After my rant of yesterday about Bitmap transparency nightmares at Microsoft too I have continued today with my testings and finally I got transparent bitmaps in commands of add-ins for VS 2010 Beta 1. If you have a .NET 2.0 add-in that uses XML registration and a managed satellite DLL and targets VS 2005, 2008 and 2010, the situation is as follows:
1) Command bitmaps for VS 2005 and VS 2008:
- They need to use RGB=0,254,0 (almost pure green) as transparent color. This has been so since VS.NET 2002.
- They do not support 32-bit bitmaps (which support built-in transparency through the alpha channel). You get white background instead.
2) Command bitmaps for VS 2010 Beta 1:
- They do not use RGB=0,254,0 (almost pure green) as transparent color. You get a green background instead. This is a lack of backwards compatibility that I reported some weeks ago through Microsoft Connect. At the time of this writing, the bug is under investigation but it might well be closed as “by design” because it seems that Microsoft is finally solving the problem for good supporting built-in transparency with 32-bit bitmaps and removing old hacks such as magenta or green background as their own user interface guidelines suggest. Update (August 5): the last feedback from MS in the Microsoft Connect bug report indicates that RGB=0,254,0 will be supported also in VS 2010 Beta 2. Great news!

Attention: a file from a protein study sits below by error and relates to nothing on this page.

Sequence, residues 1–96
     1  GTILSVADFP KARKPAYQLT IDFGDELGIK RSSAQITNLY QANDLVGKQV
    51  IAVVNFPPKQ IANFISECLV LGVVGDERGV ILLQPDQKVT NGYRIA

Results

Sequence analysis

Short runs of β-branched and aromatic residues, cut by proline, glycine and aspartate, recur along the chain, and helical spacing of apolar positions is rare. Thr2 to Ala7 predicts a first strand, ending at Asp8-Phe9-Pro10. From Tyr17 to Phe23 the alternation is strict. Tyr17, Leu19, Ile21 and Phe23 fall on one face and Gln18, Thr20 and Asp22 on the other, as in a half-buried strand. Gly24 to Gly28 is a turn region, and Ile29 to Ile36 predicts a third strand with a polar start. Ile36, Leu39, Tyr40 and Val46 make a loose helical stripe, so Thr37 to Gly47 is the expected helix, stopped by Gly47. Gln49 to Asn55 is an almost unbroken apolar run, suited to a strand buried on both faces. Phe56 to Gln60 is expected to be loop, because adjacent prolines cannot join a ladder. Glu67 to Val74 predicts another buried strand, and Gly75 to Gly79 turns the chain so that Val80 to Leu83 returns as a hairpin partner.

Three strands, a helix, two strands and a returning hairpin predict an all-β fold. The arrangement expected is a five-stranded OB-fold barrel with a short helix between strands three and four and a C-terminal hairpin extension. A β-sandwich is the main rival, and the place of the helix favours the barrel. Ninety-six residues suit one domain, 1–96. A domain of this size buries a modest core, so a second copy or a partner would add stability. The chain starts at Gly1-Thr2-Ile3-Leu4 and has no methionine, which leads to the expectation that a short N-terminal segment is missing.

- They do support 32-bit bitmaps (which support built-in transparency through the alpha channel). Support for 32-bit bitmaps in add-in commands is something new that didn’t work in previous versions of Visual Studio.
Bottom line: if nothing changes from Beta 1 to final release, your satellite managed Dll will need to include two sets of bitmaps: ones with 24-bit and RGB=0,254,0 background for VS 2005/2008 and other with 32-bit bitmaps with transparency in alpha channel for VS 2010. This is so because you don’t have any chance of manipulating the bitmap in your code when suplying bitmaps Ids to the AddNamedCommand method, on the contrary to the Window.SetTabPicture method of toolwindows (which will be the subject of another future post).
While it would be good to support the old way too a couple of VS releases, I don’t care suplying two sets of bitmaps because finally this is going in the good direction, that is, built-in transparency without magic tricks. See update above.
There is a little problem though: it can be tricky to get an editor that support 32-bit bitmaps correctly. First, some editors allow “4-bit”, “8-bit”, and “True Color” bitmaps, where it is not clear if “True Color” means 24-bit or 32-bit (with alpha channel). Most of the time it means 24-bit, though. Second, some editors don’t support 32-bit bitmaps at all: forget MS Paint and others such as the Visual Studio bitmap editor (it seems). For this purpose I have used the wonderful Axialis IconWorkshop icon editor. Other modern icon editors may work too. The procedure is the following:
- Create a 16×16 icon with RGB/Alpha Channel (RGB/A – 32 bits) depth color
- Draw your icon leaving the transparent background
- Click File\Export…\Bitmap Image. When prompted, select “Preserve Transparency information (saved to 32 bpp)”.